Sunday, December 24, 2006

Shedding Light on M. Night

SPOILERS for Lady in the water follow. Very soon after this warning, too.

M. Night Shyamalan's Lady in the Water is truly his way to kill the film critic. Yep, you heard me, it's more than just a symbolic whine against them. He plays an important part in this story-about-his stories, raising his middle finger on auteur theory analyses that want him following in Hitchcock's footsteps, and goes along with his take on how to make a story work. 'Cause that's what he's been doing all along - not trying to deliver "the twist", as some moviegoers would have you believe up to now.

Although he did go into loads of trouble with his previous work, after Sixth Sense, to show people that's not what he's out to do, he failed enough in doing so that he went on to make this film, that explains it to everyone who cares to watch it. And heck, does it serve as an explanation to all. I'm sure people will respond to it in one of two ways: either by accepting the fact and learning, once again, why to admire him and his work, or by being tragically offended by it, seeing that they're the ones it's out to offend in the first place, and defensivelly dissing it.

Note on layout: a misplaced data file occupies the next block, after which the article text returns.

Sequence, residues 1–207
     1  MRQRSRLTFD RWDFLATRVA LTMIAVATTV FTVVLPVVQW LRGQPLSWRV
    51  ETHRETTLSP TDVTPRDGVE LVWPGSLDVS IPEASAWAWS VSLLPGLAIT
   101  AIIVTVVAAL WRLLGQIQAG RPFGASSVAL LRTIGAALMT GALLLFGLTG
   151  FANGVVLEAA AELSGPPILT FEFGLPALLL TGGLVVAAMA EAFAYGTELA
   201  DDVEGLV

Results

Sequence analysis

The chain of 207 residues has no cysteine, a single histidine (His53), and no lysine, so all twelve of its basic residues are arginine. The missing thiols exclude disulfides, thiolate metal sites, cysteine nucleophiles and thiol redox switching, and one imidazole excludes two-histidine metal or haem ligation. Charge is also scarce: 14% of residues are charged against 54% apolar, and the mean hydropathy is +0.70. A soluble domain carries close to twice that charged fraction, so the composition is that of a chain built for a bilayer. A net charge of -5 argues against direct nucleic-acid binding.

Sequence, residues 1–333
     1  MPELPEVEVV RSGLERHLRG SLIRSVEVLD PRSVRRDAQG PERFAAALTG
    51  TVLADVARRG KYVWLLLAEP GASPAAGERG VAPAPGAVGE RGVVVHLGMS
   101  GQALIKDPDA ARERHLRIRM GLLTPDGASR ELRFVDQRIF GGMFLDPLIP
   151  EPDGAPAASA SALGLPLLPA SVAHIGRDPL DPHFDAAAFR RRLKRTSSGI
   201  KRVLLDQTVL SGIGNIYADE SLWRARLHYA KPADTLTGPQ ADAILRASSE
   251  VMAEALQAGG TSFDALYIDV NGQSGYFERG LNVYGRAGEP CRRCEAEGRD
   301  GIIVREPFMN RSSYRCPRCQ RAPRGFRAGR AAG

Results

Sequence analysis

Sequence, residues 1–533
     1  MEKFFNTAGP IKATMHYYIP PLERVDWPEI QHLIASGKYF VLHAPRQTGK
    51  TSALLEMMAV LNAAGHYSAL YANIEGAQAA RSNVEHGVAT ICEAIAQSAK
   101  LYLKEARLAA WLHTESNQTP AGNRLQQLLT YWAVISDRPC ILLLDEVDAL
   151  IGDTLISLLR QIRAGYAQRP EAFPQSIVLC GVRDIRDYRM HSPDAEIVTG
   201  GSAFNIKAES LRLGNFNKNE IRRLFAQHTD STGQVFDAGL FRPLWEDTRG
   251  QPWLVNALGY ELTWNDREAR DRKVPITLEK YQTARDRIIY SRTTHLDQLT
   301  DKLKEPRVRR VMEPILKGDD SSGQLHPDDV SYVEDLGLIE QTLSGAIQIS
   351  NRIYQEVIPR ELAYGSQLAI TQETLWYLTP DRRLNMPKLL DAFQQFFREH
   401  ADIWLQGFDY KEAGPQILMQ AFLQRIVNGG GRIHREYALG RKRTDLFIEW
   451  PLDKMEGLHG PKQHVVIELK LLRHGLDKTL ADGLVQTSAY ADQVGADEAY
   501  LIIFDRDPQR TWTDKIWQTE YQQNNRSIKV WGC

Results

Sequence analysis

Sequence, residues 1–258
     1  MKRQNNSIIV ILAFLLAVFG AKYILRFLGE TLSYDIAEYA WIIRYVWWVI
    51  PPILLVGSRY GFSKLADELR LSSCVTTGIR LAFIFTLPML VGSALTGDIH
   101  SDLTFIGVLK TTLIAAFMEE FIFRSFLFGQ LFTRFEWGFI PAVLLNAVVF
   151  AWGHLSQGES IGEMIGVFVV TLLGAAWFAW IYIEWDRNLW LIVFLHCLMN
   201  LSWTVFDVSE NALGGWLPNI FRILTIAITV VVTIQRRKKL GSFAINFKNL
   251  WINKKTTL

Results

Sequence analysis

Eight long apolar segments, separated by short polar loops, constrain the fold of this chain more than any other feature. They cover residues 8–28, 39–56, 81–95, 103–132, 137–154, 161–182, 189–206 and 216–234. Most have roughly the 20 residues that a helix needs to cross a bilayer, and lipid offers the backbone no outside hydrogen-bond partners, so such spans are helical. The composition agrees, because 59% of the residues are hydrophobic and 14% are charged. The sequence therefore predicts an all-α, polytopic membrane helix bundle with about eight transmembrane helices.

He spelled it out for all. Had characters explaining the narrative roles they were there to play as they played them, had a film critic reading it all wrong and thus being the villain of the story more than CGI monsters could ever be, having the Story saved at the end, and self-righteously telling us, not that he learned illegal ninja moves from the government, but that the role he's here to play in changing the world of filmmaking will only bring on a renaissance, that will most probably dispell all academic conventions that analysts stand by until now, after people shed light to it, inspired by his work.

And yes, reading into M. Night Shyamalan's work has, up to now, been a better film course than any of the sort that can be found in Universities. One by one, his films all have something to teach. And this one is truly one hell of an exam. Into his work, what he's taught us so far, and, well, admittedly, into his own a$$hole.

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